Earnings-enhancing strategies for DIY landlords and buy-to-let investors
There are two types of buy-to-let investors, though both are making a lifestyle choice.
The first is the investor who manages their properties. These enjoy dealing with the day-to-day routine of property management. They relish in marketing their properties, showing them to prospective tenants, vetting those tenants, and chasing them for rent. They face the challenge of coordinating maintenance and repairs head on and work ceaselessly on developing their network of tradespeople. They’re not fazed by the need to spread themselves ever thinner as they build their property portfolio across several property hotspots.
The second type of buy-to-let investor is the one who hires an investment property manager. The property manager takes on the hassle of day-to-day landlord responsibilities. The investor receives their tenants’ monthly rental payments, minus the property manager’s fee, without the hassle of chasing their tenants.
Whichever type of buy-to-let investor you are, the following four simple strategies will help to increase your profits:
Buy-to-let investment strategy #1: Put in the legwork before you invest
The amount of effort you put into due diligence before you invest will pay real dividends. When investing in property, research is key. This is how you determine the best places to invest in property UK. These locations will benefit from the best property fundamentals: shops, schools, transport links, major employers and major investment.
If you don’t do this legwork, you could find yourself with an underperforming investment in your property portfolio.
Buy-to-let investment strategy #2: Manage your finances
Before you invest, work out your cash flow with a conservative projection. Overestimate your expenses, and underestimate your income. Don’t forget to include items such as:
- Marketing and advertising fees
- Repairs and maintenance
- Landlords insurance premiums
- Service charges
Of course, you’ll also have mortgage interest to pay – allow for an interest rate increase of 1%, to be on the safe side of finances.
Research conducted by the insurer Direct Line in 2016 found that the average void period on a buy-to-let investment property is 22 days. Again, being conservative, allow for your property to be empty for around four weeks per year.
Use any excess cash flow to build a reserve fund for rental properties. It will ensure you are protected against unexpected maintenance bills and void periods.
Buy-to-let investment strategy #3: Plan to find and manage the best tenants
Put in place the strategies to find and manage the best tenants. You’ll need to consider factors such as:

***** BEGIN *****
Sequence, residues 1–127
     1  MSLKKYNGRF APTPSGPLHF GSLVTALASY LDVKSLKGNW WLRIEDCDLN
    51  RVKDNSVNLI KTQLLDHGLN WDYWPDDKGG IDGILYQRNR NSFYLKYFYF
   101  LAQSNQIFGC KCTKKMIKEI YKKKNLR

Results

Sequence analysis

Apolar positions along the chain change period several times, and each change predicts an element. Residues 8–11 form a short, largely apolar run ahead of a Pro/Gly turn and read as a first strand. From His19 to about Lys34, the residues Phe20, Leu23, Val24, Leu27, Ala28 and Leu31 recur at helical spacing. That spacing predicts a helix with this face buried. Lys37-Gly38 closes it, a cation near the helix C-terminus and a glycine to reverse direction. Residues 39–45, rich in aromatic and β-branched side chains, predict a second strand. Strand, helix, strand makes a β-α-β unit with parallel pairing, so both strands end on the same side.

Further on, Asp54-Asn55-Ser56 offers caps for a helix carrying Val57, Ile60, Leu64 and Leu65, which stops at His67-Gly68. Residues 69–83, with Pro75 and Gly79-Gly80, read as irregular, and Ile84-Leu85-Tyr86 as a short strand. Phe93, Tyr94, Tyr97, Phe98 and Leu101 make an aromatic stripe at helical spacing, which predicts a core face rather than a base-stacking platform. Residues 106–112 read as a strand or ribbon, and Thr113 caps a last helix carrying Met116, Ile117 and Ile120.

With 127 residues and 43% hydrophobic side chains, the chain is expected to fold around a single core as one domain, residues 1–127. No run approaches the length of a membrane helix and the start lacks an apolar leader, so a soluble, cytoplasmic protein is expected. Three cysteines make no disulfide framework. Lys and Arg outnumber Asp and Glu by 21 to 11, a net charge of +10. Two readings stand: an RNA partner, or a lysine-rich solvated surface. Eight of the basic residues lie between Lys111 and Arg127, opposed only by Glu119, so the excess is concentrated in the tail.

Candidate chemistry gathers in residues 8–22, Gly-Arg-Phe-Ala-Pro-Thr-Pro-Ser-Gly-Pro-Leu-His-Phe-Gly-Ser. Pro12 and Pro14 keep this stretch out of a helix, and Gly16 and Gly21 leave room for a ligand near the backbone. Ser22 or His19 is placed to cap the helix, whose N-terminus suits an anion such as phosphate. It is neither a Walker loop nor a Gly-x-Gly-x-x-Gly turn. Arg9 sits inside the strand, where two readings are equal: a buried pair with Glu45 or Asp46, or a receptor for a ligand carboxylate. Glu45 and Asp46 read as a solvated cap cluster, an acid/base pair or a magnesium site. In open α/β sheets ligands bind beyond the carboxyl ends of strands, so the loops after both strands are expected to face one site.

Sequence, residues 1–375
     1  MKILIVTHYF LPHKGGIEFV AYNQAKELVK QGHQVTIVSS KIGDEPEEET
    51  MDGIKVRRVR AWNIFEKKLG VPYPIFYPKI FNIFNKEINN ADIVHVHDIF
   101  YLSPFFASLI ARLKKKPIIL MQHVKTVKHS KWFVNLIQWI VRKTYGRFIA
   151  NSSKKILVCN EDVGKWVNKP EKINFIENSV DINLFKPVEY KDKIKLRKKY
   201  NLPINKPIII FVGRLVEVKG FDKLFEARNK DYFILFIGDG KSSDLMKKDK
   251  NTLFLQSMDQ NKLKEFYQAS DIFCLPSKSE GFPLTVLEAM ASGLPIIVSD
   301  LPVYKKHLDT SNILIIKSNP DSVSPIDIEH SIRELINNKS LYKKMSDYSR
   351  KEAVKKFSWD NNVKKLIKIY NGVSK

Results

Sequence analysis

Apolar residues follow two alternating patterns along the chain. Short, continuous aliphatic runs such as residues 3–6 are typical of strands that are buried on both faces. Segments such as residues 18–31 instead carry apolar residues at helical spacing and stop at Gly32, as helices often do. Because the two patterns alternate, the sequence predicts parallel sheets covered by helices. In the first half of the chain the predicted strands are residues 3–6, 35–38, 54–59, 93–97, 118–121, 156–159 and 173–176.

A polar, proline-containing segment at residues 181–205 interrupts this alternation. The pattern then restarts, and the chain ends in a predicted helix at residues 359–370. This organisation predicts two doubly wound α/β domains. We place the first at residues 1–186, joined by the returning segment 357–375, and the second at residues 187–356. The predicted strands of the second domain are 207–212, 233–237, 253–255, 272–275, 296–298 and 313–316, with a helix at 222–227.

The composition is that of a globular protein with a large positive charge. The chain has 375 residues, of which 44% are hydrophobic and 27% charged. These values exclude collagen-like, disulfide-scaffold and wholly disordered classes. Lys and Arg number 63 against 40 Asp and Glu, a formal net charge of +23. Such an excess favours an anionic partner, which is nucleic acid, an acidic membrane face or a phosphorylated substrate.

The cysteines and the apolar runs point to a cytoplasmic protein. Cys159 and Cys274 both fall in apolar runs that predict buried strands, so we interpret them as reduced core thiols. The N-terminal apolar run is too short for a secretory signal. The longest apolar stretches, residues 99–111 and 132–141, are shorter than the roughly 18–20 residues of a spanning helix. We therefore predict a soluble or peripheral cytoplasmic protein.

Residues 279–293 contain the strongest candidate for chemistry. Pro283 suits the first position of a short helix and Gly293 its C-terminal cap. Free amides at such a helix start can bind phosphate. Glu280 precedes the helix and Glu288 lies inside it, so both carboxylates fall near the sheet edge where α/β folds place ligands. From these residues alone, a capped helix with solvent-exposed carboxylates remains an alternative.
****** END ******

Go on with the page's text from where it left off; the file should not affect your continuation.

- Where and how to market your property (you’ll want to avoid free tenant search sites)
- How to vet your tenants, checking their backgrounds, credit scores, employment and residential histories
- The clauses and conditions of your tenancy agreement
- Collecting rent
- Reporting, coordinating and monitoring property maintenance
If you let your property to the wrong tenants or fail to manage them properly, you could find yourself with a time-consuming, stressful, and expensive problem. You could suffer damage to your property, late rent payments, or, worst of all, a tenant from hell who knows how to play the game and live rent free for months.
Buy-to-let investment strategy #4: Develop a plan to avoid the void periods
One thing you can be certain of in buy-to-let investment is that you will suffer void periods. It’s how you deal with them that matters. From a cash management point of view, you’ll want to keep periods between tenants as short as possible. However, you’ll also need to use this time profitably. A void period is inconvenient, but also an opportunity to ensure that your property is in tip-top condition.
When you receive notice of leaving from your tenant:
- Start marketing the property immediately
- Arrange a check-out property inspection
- Confirm with your tenant their responsibilities as stated in the tenancy agreement (e.g. carpet cleaning)
- Arrange the maintenance tradespeople you need to conduct work needed (e.g. decorating, cleaning, electrics, etc.)
When the tenant moves out:
- Contact utility companies, get final meter readings and shut off
- Schedule maintenance and cleaning
- Redouble marketing efforts if no new tenant has yet been found
When you find your new tenant:
- Undertake vetting and background checks
- Revise tenancy agreements
- Maintain your property and landlord/tenant relationship
Managing investment property is a time-consuming and often frustrating and stressful occupation. There are no shortcuts to successful property investment and management.
If you’d like to benefit from professional property management that will relieve you of the stress and frustration of being a DIY landlord, leaving you with time for yourself, contact Ezytrac today on+44 1522 503 717. You’ll soon discover how we employ strategies that manage your tenants and buy-to-let property effectively and efficiently.